Amazon Studios has hit back at Woody Allen‘s $68 million lawsuit for scrapping its four-film deal with the director claiming in new court documents the move was “justified” because Allen “sabotaged” his movies’ success with controversial comments about the #MeToo movement and sex abuse allegations against him.
The studio filed documents in Manhattan federal court Wednesday seeking to dismiss some of the claims from Allen’s February suit, in which the “Annie Hall” filmmaker accused Amazon of breach of contract for backing out of the deal based on the already well-known molestation allegations from his daughter Dylan Farrow.
Amazon, however, blames Allen for making “a series of public comments” in the wake of sexual misconduct claims against producer Harvey Weinstein that suggested he “failed to grasp the gravity of the issues or the implications for his own career” and wound up tarnishing his image.
“Allen expressed sympathy for Weinstein as well as his victims, describing the situation as ‘very sad for everybody involved,’” the court documents read.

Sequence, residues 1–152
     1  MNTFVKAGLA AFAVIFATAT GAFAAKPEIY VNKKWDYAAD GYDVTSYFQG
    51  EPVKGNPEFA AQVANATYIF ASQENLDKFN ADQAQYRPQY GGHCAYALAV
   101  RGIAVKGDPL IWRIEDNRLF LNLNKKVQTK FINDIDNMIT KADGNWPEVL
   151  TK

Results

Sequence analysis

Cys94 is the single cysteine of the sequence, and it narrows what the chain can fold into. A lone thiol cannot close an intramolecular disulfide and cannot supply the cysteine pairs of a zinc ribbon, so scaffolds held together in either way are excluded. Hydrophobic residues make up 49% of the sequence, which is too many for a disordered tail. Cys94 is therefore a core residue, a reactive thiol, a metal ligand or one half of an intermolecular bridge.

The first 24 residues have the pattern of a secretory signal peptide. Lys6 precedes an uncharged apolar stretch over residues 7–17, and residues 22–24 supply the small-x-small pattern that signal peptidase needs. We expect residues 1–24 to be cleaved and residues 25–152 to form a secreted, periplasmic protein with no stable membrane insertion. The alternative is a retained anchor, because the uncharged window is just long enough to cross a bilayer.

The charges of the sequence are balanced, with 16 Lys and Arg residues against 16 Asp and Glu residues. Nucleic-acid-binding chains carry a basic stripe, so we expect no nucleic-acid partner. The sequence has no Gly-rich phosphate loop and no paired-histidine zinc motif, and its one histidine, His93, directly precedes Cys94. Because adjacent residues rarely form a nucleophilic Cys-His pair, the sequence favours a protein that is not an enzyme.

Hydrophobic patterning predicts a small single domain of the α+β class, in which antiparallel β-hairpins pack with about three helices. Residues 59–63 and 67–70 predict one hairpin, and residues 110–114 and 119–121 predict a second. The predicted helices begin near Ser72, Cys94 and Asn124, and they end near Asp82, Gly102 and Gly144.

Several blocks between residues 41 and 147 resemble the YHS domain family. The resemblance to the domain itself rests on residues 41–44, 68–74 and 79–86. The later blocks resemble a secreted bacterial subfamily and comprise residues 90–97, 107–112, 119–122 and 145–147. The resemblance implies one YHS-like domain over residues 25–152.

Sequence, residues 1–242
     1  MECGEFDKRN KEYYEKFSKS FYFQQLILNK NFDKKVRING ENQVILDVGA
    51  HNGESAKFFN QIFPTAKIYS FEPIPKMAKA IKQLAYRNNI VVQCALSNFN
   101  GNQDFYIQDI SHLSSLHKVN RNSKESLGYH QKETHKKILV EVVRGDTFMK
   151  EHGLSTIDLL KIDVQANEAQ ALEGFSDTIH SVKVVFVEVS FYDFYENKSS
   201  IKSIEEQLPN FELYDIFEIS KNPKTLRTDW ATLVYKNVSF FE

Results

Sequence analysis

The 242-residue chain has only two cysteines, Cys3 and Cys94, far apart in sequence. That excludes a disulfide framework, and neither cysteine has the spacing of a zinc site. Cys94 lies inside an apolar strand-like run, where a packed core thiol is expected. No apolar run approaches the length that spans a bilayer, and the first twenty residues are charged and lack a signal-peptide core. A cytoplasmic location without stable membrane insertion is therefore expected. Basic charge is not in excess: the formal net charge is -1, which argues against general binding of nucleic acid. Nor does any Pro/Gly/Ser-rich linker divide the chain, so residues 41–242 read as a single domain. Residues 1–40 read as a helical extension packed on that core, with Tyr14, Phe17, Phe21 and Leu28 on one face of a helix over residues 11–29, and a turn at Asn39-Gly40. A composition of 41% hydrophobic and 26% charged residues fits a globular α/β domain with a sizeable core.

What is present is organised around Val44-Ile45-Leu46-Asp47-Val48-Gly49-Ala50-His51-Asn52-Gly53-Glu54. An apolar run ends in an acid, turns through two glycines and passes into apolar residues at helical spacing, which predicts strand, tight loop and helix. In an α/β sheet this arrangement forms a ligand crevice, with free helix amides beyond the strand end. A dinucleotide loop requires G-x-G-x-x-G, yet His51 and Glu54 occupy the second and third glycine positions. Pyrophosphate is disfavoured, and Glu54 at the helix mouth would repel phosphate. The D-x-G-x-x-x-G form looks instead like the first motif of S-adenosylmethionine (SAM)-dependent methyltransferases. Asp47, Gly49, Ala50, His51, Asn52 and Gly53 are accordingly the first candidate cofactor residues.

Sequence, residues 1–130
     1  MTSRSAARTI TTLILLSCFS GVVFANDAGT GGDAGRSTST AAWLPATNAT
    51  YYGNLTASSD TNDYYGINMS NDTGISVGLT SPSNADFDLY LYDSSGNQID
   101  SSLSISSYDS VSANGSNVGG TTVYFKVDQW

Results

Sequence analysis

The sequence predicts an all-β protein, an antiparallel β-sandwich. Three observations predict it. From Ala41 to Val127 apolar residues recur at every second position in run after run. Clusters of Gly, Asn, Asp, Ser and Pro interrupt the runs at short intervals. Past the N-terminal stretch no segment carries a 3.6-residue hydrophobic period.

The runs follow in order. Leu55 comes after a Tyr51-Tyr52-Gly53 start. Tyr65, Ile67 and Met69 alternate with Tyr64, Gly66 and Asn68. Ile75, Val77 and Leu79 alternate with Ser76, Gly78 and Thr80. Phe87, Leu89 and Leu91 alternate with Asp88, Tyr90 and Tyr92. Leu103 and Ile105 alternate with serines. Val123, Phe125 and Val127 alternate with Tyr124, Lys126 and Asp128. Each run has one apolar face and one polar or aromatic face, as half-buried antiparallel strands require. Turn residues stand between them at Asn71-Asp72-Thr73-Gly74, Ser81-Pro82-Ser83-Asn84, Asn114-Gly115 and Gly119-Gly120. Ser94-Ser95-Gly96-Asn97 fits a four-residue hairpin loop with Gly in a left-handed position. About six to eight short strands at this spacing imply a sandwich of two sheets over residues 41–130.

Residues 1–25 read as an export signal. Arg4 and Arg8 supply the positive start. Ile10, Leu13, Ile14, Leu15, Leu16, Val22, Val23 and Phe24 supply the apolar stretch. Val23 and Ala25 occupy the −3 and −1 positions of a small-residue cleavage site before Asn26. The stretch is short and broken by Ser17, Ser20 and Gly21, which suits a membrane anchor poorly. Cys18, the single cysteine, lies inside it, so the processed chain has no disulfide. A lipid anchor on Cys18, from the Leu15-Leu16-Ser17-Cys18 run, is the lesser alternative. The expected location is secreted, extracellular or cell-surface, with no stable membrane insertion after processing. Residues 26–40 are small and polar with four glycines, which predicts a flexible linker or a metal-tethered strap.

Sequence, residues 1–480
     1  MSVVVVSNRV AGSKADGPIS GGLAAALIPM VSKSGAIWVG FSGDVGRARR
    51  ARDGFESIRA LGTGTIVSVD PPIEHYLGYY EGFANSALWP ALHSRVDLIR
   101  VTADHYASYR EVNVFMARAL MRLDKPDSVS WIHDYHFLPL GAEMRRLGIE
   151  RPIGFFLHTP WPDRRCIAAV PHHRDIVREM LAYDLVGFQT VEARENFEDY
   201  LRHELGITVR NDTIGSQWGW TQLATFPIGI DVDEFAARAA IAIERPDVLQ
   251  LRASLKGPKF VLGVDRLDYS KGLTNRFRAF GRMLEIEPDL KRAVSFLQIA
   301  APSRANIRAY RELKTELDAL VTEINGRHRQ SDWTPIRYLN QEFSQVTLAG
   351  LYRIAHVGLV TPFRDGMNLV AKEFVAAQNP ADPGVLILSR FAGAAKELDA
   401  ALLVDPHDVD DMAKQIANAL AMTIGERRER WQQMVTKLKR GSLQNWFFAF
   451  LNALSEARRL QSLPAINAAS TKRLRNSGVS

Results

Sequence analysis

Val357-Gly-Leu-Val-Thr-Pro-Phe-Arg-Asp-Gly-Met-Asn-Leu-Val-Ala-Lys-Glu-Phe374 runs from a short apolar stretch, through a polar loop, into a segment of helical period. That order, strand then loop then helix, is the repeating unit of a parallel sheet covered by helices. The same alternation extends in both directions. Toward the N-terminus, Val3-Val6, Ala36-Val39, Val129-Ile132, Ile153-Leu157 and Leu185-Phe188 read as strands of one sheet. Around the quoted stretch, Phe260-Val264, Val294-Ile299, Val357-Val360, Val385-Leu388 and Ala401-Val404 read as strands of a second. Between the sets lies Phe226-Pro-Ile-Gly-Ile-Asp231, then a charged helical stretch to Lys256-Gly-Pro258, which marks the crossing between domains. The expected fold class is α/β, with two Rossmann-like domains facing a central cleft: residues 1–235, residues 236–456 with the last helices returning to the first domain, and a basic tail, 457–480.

“Then Allen added: ‘You don’t want it to lead to a witch-hunt atmosphere, a Salem atmosphere, where every guy in an office who winks at a woman is suddenly having to call a lawyer to defend himself.’”
The studio adds that after Dylan then renewed her allegations that Allen molested her as a kid charges he has long denied the filmmaker “publicly dismissed those statements as ‘cynically using’ #MeToo for attention.”
“Allen’s statements came out just as Amazon and Allen were preparing to promote Allen’s film ‘Wonder Wheel,’ effectively sabotaging those efforts,” Amazon charges.
“The response from the film industry was swift and damning. Scores of actors and actresses expressed profound regret for having worked with Allen in the past, and many declared publicly that they would never work with him in the future.”
The studio claims Allen then “doubled down” with more problematic public statements, including that he “should be the poster boy for the MeToo movement” because he had “only [been] accused by one woman in a child custody case.”
“Understood in the broader context, Allen’s actions and their cascading consequences ensured that Amazon could never possibly receive the benefit of its four-picture agreement (despite already having paid Allen a $10 million advance upon signing),” the court documents allege.
Amazon’s new motion is only seeking to dismiss four of the eight claims in Allen’s suit, which it claims are “duplicative of their central breach claims or otherwise fail as a matter of law.”
Allen’s attorney didn’t immediately respond to a request for comment.